“If there is one thing the lost are able to recognize it is the others who are just as wounded and wandering.”
In this poignant novel we are given that desperate glimpse into the life of Nick Carraway, a character we all recognise but really know little about. The man who once narrated the story of Jay Gatsby now gets to tell his own through the work of Michael Farris Smith.
We begin with Nick sitting outside a café in Paris on leave from the war. The visual descriptions of the Parisian streets gave a strong first impression to someone who had never previously read Smith’s work. The writing brings life to the scene, diving into detail from the first page and absorbing us into the story. It is here he meets Ella, and his mind wanders to their brief relationship when he returns to the war.
The battle scenes were most striking to me, as Smith’s skill in delivering emotion tied well with his ability to involve the reader in a scene. He also seamlessly wove Nick’s childhood into the chapters, bringing further insight to the mysterious character as he evaluates the journey of his life up to the trenches. His father’s business Nick was expected to take over and the pressure he inflicted. His mother who struggled with spells of depression through the years that would last days. I felt that this was the story readers of The Great Gatsby wanted to hear of Nick.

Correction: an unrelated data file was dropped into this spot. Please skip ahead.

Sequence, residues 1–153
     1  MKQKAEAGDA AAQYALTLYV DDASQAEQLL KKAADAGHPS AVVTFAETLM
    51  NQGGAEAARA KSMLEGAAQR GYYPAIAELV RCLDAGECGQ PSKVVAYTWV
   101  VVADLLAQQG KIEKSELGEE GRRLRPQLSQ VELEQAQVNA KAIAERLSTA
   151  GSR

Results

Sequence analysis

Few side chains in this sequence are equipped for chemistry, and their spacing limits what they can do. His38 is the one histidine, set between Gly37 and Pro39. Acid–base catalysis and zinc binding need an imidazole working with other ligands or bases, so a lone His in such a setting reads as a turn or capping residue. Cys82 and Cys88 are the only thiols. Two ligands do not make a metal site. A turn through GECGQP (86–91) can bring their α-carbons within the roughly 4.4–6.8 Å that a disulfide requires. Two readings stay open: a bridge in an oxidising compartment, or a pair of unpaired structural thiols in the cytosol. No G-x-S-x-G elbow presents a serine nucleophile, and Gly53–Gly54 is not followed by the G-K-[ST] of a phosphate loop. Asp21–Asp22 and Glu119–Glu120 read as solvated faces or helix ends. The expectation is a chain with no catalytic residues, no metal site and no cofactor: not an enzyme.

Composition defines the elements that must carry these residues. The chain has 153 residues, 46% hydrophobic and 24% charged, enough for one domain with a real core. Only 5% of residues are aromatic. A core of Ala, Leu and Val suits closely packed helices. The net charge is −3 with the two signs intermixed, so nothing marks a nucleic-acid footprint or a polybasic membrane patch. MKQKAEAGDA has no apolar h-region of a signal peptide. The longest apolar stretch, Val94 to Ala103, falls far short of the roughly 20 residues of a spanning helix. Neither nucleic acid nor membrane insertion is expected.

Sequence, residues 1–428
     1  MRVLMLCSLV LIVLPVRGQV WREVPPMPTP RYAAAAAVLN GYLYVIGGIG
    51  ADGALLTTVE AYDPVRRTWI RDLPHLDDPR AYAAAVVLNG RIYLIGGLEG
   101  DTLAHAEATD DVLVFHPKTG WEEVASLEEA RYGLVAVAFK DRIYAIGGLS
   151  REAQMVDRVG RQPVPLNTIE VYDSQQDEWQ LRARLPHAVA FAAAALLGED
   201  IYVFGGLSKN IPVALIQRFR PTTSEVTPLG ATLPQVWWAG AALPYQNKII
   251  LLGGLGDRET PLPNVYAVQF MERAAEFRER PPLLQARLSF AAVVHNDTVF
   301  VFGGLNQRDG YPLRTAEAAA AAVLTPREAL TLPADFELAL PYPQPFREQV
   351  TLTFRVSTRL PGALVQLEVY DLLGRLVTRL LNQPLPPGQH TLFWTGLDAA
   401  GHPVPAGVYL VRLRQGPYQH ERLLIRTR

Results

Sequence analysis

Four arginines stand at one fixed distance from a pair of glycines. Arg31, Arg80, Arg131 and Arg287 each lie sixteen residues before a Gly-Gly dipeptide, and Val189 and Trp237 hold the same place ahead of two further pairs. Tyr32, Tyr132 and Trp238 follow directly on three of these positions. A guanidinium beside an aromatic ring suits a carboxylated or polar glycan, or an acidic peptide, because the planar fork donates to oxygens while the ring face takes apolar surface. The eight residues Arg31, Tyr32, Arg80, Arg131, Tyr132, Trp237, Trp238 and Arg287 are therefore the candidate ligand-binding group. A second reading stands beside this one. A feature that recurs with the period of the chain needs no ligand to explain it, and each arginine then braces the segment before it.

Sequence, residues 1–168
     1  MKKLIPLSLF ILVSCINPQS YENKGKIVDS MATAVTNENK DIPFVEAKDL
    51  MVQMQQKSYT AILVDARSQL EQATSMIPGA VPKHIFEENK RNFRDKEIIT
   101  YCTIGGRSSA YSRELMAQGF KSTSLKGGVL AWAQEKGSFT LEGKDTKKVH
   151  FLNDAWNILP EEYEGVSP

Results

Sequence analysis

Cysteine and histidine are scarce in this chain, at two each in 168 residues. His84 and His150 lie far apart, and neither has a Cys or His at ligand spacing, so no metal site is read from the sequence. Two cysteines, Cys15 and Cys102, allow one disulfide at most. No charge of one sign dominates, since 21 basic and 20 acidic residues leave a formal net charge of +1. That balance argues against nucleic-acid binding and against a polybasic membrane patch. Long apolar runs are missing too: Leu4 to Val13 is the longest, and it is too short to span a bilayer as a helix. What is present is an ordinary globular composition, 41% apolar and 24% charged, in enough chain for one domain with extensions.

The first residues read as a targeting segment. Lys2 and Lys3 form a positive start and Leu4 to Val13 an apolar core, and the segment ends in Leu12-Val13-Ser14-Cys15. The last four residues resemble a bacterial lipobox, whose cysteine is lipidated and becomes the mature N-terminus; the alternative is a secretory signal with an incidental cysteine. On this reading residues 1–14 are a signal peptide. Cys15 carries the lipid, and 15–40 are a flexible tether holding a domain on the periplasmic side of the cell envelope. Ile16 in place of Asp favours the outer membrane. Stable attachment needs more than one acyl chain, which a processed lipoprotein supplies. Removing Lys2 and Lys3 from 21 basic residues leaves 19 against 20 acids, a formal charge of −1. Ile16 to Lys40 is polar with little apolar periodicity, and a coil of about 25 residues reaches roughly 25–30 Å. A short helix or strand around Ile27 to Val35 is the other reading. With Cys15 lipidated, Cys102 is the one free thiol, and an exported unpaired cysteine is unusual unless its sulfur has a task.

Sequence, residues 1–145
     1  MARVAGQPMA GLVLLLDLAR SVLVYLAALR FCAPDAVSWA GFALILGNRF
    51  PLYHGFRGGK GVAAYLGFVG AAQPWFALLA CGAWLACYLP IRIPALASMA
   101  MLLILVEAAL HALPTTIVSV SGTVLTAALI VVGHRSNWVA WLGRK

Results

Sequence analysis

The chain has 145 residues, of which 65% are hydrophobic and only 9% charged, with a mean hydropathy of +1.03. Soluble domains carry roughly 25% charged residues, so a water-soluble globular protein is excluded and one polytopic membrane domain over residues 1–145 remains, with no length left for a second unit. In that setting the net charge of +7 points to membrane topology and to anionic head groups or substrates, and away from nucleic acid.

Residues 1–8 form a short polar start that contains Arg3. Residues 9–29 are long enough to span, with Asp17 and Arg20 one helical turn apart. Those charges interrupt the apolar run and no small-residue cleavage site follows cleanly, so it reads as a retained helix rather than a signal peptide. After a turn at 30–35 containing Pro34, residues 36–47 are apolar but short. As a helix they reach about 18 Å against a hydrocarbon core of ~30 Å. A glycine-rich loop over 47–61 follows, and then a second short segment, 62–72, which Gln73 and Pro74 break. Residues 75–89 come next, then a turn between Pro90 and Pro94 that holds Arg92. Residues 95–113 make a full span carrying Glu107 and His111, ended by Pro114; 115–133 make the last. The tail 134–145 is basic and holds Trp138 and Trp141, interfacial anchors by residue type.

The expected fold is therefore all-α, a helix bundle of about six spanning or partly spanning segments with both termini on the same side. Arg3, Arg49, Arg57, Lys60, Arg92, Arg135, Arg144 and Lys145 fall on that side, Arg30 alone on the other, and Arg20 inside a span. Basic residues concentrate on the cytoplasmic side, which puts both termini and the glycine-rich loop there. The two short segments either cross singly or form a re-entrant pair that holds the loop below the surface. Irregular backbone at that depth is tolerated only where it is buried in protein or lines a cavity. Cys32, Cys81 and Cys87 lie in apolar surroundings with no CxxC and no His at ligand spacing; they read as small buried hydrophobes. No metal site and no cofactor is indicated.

Smith gave us a lot of time to get to know Nick within the first part of the novel as we followed him back to Paris in his obsession to find Ella once more. When he fails, he heads to New Orleans to evade his duties at home, unable to emotionally face it. The series of characters we meet here envelop Nick into their chaotic lives, almost echoing the drama of The Great Gatsby itself. This is where the story fell short for me, as the jump to other perspectives really downplayed the intention of Nick to have his story told. It felt like once again he was a mere observer in another life taking centre stage.
Overall, it is still a greatly emotive story with detailed characters and scenes that wrench you in. Full of heartbreak, pain and the strength of human spirit, Nick is a well-written retelling of an old character in a completely new light.